What does heritage mean to you?

Heritage to me is actually very sacred and something I'm thinking about at the moment. Heritage is about how we preserve what preceded us, connect with the culture, its rituals and customs. Heritage is a thread that links us to the past, it gives us a sense of belonging to something much richer than our present circumstances.

I think heritage is often where you can go, or access, to find some answers.

I'm excited by those around me that I see accessing their heritage in order to create a new language through their art, articulations of identity, or new blueprints for being,

that seek to transcend what we think we know about ourselves and the world around us. Lending on our past to tell stories about our present, whilst imagining what potential futures might look like. It's amazing. And it's so rich.

I’m a researcher and framing questions and acting on my curiosity is key to my practice. What I’m learning is that getting to understand ourselves, our identities and our heritage is not about seeking ''answers' as such, but more about getting comfortable living in the questions.

Being of mixed heritage, there's more than just one tradition to pull on. Sometimes that awareness can feel very acute, heightened, overwhelming. It can be disorientating and definitely has been at various points in my life, both here and in Japan. Displacement is a theme and an experience that I don't know we discuss enough. Currently I'm doing a lot of research into Okinawan history, culture and tradition, both pre and post-war. It's inspiring me to think about my work and practice today - there's so much we can learn from our heritage.

Race and how we choose to identify are important things, so is there a better way to ask you more about your heritage?

We don't always have to ask. We can observe, we can listen, we can give people space, we can wait for people to tell us, we can wait for an invitation. These are all good practices and something I think the world would benefit more from if people really tried to do these things more. Maybe it's about reframing the question and turning it back on ourselves - if it were up to you, how would you tell stories about who you are?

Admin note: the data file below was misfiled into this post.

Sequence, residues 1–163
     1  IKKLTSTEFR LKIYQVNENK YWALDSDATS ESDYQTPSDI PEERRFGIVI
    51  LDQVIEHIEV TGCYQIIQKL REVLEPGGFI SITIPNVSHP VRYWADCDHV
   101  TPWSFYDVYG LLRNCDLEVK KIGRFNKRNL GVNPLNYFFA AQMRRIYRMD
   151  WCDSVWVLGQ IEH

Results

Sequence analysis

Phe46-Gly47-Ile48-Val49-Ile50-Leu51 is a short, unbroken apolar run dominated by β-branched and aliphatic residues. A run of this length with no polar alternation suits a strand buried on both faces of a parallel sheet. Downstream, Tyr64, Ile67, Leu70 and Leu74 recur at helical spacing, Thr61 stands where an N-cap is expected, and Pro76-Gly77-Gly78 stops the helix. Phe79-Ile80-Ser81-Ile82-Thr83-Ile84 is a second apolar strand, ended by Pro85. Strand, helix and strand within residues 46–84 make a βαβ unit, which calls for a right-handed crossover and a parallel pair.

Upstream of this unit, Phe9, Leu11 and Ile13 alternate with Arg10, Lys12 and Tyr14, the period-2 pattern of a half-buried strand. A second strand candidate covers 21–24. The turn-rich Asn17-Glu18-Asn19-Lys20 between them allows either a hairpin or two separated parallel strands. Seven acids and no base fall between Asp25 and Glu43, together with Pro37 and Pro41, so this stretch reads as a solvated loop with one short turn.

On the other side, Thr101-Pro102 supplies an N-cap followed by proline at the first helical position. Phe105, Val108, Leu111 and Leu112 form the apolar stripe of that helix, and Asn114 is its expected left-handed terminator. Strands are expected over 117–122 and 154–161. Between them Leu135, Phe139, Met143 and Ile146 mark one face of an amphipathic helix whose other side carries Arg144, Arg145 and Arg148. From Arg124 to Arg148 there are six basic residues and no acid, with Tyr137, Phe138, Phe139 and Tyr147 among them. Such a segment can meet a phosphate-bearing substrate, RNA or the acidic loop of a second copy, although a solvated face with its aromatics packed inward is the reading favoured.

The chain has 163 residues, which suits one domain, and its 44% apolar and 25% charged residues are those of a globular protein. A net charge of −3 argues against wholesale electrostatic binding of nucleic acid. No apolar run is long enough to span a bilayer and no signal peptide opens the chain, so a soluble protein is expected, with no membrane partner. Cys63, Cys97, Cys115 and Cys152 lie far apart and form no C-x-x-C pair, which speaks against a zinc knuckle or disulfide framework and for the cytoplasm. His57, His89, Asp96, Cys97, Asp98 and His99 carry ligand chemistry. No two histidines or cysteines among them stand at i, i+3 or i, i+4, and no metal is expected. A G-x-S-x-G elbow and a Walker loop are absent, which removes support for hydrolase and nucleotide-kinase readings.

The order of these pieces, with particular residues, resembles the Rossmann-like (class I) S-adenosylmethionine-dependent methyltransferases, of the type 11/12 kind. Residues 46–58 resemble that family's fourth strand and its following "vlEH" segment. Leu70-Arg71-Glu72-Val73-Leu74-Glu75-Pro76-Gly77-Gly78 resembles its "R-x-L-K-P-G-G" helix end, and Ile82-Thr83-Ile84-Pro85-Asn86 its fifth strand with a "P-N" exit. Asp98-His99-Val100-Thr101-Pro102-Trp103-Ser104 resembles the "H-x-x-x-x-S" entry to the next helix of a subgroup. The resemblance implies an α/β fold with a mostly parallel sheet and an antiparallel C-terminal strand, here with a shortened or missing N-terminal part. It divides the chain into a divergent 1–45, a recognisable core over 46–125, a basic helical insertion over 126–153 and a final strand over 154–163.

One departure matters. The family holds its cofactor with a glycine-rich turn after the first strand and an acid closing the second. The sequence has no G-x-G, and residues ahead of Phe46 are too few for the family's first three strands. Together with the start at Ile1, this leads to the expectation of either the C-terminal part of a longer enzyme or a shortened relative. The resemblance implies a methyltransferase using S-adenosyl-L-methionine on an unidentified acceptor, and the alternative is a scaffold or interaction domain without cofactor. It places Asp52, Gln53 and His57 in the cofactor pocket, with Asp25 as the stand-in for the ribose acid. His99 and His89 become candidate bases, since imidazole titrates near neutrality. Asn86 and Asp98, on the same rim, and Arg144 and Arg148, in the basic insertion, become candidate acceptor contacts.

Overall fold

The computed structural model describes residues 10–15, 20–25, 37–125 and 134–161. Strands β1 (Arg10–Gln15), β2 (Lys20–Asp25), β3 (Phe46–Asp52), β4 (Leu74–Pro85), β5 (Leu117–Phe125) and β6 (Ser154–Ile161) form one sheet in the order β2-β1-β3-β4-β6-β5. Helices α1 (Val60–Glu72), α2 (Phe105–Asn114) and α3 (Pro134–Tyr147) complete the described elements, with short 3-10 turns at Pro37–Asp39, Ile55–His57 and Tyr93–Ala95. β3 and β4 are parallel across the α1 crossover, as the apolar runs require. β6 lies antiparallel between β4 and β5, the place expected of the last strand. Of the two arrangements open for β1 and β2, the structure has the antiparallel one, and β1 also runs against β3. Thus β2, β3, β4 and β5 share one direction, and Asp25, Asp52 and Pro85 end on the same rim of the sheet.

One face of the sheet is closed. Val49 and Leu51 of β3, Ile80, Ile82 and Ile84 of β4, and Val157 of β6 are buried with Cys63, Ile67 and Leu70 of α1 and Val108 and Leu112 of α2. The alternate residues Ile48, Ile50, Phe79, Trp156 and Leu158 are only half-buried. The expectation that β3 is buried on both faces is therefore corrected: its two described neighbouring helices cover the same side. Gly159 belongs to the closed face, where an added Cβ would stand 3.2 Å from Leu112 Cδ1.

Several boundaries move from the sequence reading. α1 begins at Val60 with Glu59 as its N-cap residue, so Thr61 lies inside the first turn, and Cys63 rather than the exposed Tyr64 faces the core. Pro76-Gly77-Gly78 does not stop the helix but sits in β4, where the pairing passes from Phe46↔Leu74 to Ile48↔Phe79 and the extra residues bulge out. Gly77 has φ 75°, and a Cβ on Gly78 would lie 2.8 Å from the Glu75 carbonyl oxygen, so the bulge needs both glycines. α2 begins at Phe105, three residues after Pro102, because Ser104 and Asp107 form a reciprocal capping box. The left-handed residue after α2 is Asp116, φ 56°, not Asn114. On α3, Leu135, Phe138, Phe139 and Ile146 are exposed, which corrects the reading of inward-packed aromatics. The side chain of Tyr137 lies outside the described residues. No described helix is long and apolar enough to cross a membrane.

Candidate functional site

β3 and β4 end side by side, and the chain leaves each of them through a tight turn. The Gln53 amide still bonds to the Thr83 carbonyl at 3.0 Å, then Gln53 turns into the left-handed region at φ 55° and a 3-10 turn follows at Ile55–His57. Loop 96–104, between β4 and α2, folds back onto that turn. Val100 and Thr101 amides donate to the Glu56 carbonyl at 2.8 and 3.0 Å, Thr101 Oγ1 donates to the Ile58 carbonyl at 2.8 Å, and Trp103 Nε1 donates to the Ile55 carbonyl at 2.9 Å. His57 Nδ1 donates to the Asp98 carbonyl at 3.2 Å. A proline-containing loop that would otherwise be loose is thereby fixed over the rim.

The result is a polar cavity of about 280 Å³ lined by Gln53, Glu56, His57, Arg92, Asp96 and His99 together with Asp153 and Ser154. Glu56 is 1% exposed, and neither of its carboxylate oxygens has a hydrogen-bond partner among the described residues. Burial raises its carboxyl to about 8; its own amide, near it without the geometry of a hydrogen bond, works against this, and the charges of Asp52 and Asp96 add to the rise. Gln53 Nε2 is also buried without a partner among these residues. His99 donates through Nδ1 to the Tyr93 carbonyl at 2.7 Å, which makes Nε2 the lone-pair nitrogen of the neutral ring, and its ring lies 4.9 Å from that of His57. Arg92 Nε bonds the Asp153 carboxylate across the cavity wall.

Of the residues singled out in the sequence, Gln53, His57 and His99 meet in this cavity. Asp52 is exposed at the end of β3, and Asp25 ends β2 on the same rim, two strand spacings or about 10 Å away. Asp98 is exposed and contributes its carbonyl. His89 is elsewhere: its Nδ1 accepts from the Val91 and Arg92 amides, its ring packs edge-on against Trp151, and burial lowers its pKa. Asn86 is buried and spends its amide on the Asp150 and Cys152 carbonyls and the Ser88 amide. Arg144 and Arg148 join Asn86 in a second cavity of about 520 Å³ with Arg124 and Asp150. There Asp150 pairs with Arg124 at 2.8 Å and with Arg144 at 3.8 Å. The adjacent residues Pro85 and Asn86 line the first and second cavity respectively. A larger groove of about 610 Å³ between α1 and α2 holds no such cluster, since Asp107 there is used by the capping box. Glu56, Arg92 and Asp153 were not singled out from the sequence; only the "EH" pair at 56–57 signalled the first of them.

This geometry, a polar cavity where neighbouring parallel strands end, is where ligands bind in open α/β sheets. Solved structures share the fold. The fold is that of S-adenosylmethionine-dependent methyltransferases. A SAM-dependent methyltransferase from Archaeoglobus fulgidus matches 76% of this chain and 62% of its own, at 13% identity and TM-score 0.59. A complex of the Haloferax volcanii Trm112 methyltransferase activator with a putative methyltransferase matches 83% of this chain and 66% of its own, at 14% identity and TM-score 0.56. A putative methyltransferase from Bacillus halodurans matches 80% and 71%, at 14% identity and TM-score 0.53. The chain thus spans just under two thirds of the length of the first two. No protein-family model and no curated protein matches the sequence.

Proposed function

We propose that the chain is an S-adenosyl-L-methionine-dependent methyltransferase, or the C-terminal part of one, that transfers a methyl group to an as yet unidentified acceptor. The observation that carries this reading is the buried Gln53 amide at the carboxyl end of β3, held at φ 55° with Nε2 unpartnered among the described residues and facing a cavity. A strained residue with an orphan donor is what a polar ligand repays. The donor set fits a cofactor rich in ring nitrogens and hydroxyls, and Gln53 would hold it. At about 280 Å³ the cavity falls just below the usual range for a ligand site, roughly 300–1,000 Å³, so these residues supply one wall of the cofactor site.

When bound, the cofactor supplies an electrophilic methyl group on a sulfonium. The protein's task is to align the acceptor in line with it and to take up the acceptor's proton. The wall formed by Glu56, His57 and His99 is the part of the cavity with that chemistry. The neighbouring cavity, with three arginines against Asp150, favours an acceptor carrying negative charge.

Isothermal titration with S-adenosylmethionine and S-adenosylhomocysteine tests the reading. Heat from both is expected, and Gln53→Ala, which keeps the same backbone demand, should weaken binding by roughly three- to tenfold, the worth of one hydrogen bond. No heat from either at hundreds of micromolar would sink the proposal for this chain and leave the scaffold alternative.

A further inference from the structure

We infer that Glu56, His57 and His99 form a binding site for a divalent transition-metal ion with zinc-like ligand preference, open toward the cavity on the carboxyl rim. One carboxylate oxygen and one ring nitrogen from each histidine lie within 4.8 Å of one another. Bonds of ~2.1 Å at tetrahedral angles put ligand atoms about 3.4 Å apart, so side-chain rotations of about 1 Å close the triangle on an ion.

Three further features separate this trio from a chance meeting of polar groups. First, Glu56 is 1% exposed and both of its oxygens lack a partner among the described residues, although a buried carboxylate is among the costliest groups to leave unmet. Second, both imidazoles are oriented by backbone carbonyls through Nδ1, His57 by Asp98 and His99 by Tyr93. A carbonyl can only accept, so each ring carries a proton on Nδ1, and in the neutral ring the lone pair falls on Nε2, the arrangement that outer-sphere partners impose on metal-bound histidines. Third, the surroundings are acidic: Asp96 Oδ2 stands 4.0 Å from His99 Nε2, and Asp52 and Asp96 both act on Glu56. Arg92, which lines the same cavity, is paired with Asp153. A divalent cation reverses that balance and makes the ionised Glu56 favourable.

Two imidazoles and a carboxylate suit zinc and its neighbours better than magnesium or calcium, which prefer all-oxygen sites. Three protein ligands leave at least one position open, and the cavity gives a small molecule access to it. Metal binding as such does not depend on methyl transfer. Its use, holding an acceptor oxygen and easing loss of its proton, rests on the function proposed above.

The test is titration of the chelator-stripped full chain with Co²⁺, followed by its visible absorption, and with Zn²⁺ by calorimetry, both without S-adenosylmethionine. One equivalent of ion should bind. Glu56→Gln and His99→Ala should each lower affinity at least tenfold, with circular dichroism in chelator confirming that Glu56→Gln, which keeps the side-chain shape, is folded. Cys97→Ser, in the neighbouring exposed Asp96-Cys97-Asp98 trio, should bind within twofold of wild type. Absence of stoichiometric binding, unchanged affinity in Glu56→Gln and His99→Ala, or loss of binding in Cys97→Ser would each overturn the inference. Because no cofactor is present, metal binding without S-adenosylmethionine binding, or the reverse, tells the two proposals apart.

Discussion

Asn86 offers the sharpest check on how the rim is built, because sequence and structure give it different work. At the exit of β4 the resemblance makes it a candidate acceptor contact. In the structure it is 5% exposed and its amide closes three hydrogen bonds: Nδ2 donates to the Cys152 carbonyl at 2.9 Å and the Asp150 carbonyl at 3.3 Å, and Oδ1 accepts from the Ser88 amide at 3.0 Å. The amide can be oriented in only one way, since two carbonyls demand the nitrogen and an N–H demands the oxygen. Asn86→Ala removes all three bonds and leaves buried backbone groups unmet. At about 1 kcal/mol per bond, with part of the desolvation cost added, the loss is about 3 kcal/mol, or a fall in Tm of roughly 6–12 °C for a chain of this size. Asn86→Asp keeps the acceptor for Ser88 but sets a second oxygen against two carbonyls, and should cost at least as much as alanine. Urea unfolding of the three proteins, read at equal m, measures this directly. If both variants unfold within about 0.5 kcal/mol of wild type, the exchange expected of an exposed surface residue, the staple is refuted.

What steps can people take to ensure we're headed in a direction where more people feel welcome?

Where to begin. I think industry has to realise that the world has changed and that if spaces are not made to feel inclusive, then the work will suffer.

I think brands have to be asking themselves, what's the point of a brand in the 21st century? Consumers aren't necessarily looking to brands to give them a sense of identity anymore.

I think people are increasingly determining this for themselves and drawing on richer, more connected sources to build a sense of self.

So in this emergent reality, industry needs to create intentional spaces where different voices can be heard, expressed and represented, both internally and externally. We need to think carefully about how we build this into our processes and ways of working. In research for brands, I'm constantly challenging us to think about how we avoid reinforcing dominant world views often perpetuated in this industry, because we just invite the same people to speak on the same things. Sometimes reaching less heard voices requires different approaches - industry has to be willing to put the work in.

So much of D&I in the commercial world is wrapped up in mitigating risk. I think that's a misstep. We need to view it as an opportunity - an opportunity to tell new stories, to innovate, to really reflect the world, not just a small slice of it.

Can you speak about intersectionality, if that’s something you identify with?

Definitely something I identify with but I'm also conscious of my own privileges and advantages here too.

What kind of representation would you like to see more of?

I feel like representation doesn't always mean what we think it might. Sometimes it feels to me like 'representation' has almost become an aesthetic. I think representation is about a moment of connection, how we relate to someone or something that we see or witness, how that connection evokes something in ourselves. To feel connected is to exist. So in that sense, representation can take on many forms. I am interested in stories and actually would love to see different types of relationships represented more - the different types of connections we can have with those around us. I'm interested in what it might mean to represent moments of connection between people, and where that intersects with culture and identity. I think right now we need to feel a sense of possibilities - this is where I think representation can be super powerful.